Care must be taken in comparing years of reign and “years” from Lehi’s
departure. Even though both are translated “years”, comparing
sh’not and shanim is
like comparing meters and yards.
equal to 600
! The values need to be properly converted before
operations are performed.
The reign of the judges
was counted in ordinal years:
... In other words, there was no year zero starting the reign of the judges.
The reign of the judges commenced with year one. The first year of the
judges was the year in which the reign of the judges commenced, but this does
not mean that the reign of the judges commenced exactly at the start of the
year. We know in fact that the sons of Mosiah took
“leave of their father, Mosiah, in the first
year of the judges”.
Therefore the sons of Mosiah departed to
the land of Nephi, the reign of the judges commenced, Alma the elder and
Mosiah son of Benjamin passed away, and Nehor was tried, all in the first
year of the judges.
from the Jerusalem departure are not ordinal but
cardinal numbers. Time zero was at the start of the journey. Relating years of the judges to Lehi’s prophetic “years” requires another linear
function similar to the one relating king Mosiah’s years of reign to “years”
from Lehi’s departure.
represent ordinal years of the reign of the judges in the land, commencing with year
= 1). Then:
Again m is (365.242/360), and
b2 is the new intercept to be determined.
King Mosiah could have
died in the first year of the reign of the judges near 1 + .65 =
which is about eight months into the first year of the reign of the judges.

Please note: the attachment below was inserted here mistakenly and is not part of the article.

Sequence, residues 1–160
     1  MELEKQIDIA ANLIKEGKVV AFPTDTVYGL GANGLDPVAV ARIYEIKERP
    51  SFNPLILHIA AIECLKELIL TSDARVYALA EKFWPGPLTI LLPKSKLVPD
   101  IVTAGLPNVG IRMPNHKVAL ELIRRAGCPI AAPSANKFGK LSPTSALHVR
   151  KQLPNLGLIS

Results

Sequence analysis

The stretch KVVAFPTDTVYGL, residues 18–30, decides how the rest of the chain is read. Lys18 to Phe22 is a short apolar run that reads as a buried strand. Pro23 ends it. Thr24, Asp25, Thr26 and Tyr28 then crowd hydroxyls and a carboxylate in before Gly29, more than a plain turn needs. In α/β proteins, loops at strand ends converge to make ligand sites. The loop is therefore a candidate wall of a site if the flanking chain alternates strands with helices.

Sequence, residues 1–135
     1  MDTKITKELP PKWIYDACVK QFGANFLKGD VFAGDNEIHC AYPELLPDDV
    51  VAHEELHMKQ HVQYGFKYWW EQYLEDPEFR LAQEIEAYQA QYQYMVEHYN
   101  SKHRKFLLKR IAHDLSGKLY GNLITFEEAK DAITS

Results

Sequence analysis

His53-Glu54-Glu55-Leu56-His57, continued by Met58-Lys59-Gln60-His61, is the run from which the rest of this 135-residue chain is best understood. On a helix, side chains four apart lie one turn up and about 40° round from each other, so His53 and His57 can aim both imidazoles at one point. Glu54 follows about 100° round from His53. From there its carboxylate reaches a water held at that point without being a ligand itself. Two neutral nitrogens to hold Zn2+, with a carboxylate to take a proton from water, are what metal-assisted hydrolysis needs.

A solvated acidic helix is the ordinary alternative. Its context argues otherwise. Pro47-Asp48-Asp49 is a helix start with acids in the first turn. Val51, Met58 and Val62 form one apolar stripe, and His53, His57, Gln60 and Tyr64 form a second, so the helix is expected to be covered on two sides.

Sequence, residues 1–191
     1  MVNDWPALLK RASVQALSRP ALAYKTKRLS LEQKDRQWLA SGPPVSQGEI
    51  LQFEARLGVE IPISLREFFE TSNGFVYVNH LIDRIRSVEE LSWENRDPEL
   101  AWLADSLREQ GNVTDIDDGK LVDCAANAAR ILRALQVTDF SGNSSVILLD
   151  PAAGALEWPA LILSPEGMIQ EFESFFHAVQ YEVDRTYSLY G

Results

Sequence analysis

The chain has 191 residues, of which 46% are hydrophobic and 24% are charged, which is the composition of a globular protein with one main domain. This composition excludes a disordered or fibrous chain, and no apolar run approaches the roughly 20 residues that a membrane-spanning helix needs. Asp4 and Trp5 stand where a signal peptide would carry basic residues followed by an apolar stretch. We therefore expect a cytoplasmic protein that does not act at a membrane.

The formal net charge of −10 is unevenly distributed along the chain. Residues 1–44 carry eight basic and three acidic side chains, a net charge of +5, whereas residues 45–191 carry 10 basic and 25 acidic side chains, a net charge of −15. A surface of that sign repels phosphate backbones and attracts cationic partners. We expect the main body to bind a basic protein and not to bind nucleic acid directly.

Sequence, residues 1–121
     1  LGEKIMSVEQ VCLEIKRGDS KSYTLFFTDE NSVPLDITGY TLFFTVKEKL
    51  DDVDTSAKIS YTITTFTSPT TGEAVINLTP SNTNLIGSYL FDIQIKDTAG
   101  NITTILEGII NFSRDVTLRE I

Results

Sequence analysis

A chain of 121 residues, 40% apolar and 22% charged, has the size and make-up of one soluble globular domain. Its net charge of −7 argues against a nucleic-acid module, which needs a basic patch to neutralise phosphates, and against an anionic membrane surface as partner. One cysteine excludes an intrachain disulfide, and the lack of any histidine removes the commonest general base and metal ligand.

the time window of
Mosiah 29:44-47 and
We can solve for the intercept
by rearranging equation (3) - like this:
turns out to be about 506.92 journey “years”. Here is how it was computed:
(365.242/360) x 1.65 ≈ 506.92 journey “years”.
With the intercept b2
based on a possible date of king Mosiah’s death, we can
estimate the prophetic “years” from Lehi’s departure at the end of the
year, start of the
92nd year of the reign of the judges.
We use equation (3) to do this, plugging in the value of b2
which we just computed. We find that the
commencement of the
92nd year of the judges in the land corresponded to
about 600.26 prophetic “years”. Here
is how this was computed:
(365.242/360) x 92 + 506.92
≈ 600.26 prophetic
as scripture says, “six hundred years from the time
Lehi left Jerusalem.”
(3 Nephi 1:1)
The ancient Israelite year
always started in the spring of the Northern Hemisphere. This was a
directive given to all Israel.
As long as we are consistent, we may let the Israelite year in the calculation above, be at its latest in the spring. The Hebrew year could have commenced
a month earlier (~30 days earlier) in the spring. The position of the Hebrew month in its
season can shift by about
This makes a difference in the decimal of about 30/365.242 ≈ .082 Promised
Land years. We can use equation (2) to estimate how much this would affect
the prophetic years or shanim. We find the decimal is
affected by as much as .083 journey
“year”. So, had the first of the Hebrew year
started a month earlier, the start of the 92nd year of the judges
would have been about 600.18 prophetic shanim from the time Lehi left
And some said, “Behold,
the time is past, for the words to be fulfilled …” concerning the coming of
(3 Nephi 1:5) But their doubt was premature - the prophecy was soon
Keep in mind that the
Israelite Promised Land year could be a minimum of about 29.5 x 12 = 354